Pharmacological characterisation of [(pX)Phe4]nociceptin(1-13)NH2 analogues. 2. In vivo studies

Anna Rizzi, Maria Bonaria Salis, Roberto Ciccocioppo, Giuliano Marzola, Raffaella Bigoni, Remo Guerrini, Maurizio Massi, Paolo Madeddu, Severo Salvadori, Domenico Regoli, Girolamo Calo'

Research output: Contribution to journalArticle (Academic Journal)peer-review

24 Citations (Scopus)


As part of a structure-activity study focused on the Phe(4) residue of nociceptin (NC) (1-13)NH(2), we identified two highly potent and selective agonists for the OP(4) receptor, [(pF)Phe(4)]NC(1-13)NH(2) and [(pNO(2))Phe(4)]NC(1-13)NH(2), whose in vitro pharmacological profiles have been described in the companion paper. In the present study, we investigated the actions of [(pF)Phe(4)]NC(1-13)NH(2) and compared it with those of NC(1-13)NH(2) in a battery of vivo assays. In the locomotor activity test in mice, 1 nmol NC(1-13)NH(2) given intracerebroventricularly (i.c.v.) caused a significant decrease (about 70% inhibition) in activity for the first 15 min following injection; [(pF)Phe(4)]NC(1-13)NH(2), at the same dose, exerted a similar inhibitory effect that continued until the end of the observation period (30 min). This effect was prevented by the selective OP(4) receptor antagonist [Nphe(1)]NC(1-13)NH(2) (10 nmol, i.c.v.). In the tail-withdrawal assay in mice, [(pF)Phe(4)]NC(1-13)NH(2) mimicked the effects of NC(1-13)NH(2) producing pronociceptive and antimorphine effects following i.c.v. administration. In both experimental paradigms, the actions of [(pF)Phe(4)]NC(1-13)NH(2) were longer lasting (>60 min) compared to those of NC(1-13)NH(2) (ca. 30 min). In unanaesthetised normotensive mice, bolus intravenous (i.v.) injection of 100 nmol/kg of [(pF)Phe(4)]NC(1-13)NH(2) decreased mean blood pressure and heart rate; these effects were longer lasting than those elicited by the same dose of NC(1-13)NH(2). I.c.v. administration of [(pF)Phe(4)]NC(1-13)NH(2) dose-dependently stimulated feeding in rats, and was about tenfold more potent than NC(1-13)NH(2).Collectively, the present data demonstrate that, in a variety of in vivo assays, NC(1-13)NH(2) and [(pF)Phe(4)]NC(1-13)NH(2) mimicked the actions of NC. [(pF)Phe(4)]NC(1-13)NH(2) was more potent and its in vivo effects were longer lasting than those of NC(1-13)NH(2) and NC.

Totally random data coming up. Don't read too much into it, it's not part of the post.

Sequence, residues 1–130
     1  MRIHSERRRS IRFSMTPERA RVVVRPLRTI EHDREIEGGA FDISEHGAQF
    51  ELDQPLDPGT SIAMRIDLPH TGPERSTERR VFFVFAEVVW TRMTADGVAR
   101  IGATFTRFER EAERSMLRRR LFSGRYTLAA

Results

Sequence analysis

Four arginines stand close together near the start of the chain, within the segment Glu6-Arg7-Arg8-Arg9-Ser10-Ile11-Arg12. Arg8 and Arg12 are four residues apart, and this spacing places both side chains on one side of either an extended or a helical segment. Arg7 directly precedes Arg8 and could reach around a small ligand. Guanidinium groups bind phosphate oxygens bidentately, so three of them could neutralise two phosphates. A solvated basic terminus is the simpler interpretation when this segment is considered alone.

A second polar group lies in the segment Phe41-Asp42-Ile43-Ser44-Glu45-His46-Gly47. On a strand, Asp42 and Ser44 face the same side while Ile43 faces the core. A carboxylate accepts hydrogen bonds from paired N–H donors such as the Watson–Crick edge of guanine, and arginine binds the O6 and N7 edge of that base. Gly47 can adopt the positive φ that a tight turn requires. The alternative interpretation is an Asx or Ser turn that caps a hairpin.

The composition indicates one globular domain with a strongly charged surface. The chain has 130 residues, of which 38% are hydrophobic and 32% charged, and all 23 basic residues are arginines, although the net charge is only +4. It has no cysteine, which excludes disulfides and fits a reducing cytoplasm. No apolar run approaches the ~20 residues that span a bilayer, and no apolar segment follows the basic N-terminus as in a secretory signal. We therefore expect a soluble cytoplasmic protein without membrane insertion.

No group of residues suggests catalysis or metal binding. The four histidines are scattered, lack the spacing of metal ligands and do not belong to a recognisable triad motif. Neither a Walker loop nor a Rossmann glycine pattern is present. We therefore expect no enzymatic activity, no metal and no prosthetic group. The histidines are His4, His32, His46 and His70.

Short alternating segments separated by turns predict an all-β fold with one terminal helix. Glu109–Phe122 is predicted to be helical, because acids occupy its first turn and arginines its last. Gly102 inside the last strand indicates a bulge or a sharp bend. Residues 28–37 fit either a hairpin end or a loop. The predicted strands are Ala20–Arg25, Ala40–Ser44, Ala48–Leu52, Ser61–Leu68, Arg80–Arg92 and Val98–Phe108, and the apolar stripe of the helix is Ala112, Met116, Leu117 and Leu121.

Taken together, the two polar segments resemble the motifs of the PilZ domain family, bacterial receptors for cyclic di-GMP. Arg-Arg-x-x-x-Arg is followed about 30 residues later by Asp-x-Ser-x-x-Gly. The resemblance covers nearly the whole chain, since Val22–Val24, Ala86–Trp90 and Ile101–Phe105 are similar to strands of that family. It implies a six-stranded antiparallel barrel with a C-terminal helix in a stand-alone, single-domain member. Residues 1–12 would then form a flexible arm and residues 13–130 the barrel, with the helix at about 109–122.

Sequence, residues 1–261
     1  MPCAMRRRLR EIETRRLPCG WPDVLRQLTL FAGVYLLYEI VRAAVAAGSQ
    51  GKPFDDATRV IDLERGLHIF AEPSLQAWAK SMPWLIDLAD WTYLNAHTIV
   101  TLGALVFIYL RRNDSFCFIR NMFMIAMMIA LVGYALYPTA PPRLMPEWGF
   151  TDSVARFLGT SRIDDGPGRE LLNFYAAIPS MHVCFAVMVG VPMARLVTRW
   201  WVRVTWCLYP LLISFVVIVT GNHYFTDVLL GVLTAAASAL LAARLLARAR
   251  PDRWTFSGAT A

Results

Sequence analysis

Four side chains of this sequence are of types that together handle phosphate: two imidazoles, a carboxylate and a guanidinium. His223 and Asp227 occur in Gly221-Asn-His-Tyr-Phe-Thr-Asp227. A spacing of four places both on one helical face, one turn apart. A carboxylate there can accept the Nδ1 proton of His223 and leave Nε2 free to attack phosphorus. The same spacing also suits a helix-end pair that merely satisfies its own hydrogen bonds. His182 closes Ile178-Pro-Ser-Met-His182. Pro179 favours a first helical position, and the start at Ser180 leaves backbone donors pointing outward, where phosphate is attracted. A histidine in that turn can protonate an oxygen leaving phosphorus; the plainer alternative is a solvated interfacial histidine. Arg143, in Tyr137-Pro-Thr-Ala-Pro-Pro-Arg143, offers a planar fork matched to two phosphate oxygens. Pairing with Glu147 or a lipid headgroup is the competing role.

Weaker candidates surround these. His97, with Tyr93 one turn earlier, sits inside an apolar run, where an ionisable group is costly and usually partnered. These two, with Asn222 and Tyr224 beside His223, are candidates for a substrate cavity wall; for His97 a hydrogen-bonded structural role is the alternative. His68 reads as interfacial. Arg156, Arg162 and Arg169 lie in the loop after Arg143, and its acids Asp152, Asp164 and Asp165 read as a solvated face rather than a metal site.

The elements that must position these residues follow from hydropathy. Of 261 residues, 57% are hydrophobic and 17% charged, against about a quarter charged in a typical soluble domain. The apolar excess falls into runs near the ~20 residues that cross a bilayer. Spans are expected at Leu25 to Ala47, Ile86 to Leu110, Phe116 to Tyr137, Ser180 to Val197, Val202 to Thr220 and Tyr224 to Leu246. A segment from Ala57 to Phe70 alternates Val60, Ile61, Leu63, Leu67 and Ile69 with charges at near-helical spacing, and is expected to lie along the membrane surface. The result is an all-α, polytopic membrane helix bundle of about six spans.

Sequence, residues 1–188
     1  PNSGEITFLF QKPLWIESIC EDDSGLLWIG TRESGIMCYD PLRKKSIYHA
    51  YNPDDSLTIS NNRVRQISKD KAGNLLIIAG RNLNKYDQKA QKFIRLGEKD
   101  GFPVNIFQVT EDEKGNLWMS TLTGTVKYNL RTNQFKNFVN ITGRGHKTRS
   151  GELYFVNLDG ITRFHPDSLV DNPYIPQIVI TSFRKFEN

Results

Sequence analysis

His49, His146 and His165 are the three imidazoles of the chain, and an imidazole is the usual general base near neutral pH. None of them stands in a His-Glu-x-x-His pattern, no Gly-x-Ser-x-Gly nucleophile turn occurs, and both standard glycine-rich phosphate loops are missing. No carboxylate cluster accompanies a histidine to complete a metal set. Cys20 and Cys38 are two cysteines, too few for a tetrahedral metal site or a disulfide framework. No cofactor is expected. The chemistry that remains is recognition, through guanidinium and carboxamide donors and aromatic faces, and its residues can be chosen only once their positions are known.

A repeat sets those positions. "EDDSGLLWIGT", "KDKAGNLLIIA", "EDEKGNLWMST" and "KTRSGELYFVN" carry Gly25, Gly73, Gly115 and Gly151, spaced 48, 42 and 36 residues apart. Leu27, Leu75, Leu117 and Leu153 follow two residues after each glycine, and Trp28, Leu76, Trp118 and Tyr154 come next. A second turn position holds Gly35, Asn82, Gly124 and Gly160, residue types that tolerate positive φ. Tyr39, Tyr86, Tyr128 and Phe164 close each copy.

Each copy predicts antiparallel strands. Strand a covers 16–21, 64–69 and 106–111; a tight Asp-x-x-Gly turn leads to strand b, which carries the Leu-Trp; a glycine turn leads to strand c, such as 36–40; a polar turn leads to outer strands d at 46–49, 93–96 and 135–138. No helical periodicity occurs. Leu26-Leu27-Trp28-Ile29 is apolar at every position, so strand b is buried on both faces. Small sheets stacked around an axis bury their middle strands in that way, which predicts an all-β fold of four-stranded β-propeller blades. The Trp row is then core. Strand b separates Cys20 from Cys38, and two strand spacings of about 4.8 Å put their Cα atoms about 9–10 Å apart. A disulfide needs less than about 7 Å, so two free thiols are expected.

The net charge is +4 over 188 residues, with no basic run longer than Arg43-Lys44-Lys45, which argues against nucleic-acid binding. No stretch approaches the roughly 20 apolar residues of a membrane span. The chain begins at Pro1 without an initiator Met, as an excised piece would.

Original languageEnglish
Pages (from-to)450-6
Number of pages7
JournalNaunyn-Schmiedeberg's Archives in Pharmacology
Issue number6
Publication statusPublished - Jun 2002


  • Animals
  • Eating
  • Hemodynamics
  • Male
  • Mice
  • Motor Activity
  • Opioid Peptides
  • Pain Measurement
  • Peptide Fragments
  • Rats
  • Rats, Wistar
  • Receptors, Opioid
  • Structure-Activity Relationship


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